Natural satellites are usually orbiting around a planet. Just like the Earth's Moon, satellites play important roles to the main-body planet. A satellite preserves much of the angular momentum of the planet-satellite system, stabilizing it, provides a measure of time with its periodic motion, and has a tidal effect on the planet.
According to the Unification Thought, the central planet and its satellite are reciprocal subject and object partners. They are in either circular or elliptic orbit at various inclinations in general. The orbital characteristics of a satellite give us information on the mass of the central planet and the origin of the planet-satellite system. Satellites around Jupiter and Saturn could be called mini-solar systems, giving clues on the form and origin of the entire solar system.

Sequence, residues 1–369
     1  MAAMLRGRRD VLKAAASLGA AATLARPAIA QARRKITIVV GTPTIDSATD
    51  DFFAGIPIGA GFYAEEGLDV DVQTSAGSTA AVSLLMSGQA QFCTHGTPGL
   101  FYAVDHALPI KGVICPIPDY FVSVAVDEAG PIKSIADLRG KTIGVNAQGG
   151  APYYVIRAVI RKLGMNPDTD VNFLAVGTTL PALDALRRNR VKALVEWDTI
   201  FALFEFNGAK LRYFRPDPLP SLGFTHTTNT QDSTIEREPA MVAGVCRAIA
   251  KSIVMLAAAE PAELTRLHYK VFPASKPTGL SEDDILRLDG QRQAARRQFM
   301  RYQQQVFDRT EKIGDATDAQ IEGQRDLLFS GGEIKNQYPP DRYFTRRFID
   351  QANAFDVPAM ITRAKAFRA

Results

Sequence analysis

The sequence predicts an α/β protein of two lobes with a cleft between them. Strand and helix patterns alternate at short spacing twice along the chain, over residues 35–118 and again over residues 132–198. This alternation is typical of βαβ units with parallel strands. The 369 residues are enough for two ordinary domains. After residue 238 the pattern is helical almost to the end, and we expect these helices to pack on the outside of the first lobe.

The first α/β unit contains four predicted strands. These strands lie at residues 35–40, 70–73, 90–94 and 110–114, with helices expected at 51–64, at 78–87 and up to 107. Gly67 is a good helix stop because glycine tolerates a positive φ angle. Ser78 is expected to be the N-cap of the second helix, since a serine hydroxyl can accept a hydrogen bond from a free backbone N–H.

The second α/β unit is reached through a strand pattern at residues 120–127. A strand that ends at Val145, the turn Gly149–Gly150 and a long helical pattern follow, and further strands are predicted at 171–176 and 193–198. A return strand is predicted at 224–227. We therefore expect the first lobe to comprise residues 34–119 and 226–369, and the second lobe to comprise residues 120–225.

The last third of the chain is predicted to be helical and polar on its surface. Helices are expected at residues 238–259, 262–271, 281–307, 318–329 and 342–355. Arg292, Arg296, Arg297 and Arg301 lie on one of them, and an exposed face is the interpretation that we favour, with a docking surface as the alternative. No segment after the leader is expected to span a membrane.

Other than the very practical reasons of God's creation of the Moon, natural satellites must have been created mainly to show humanity the variety of satellite systems for providing the above-mentioned information, as well as making us realize how special the Moon is.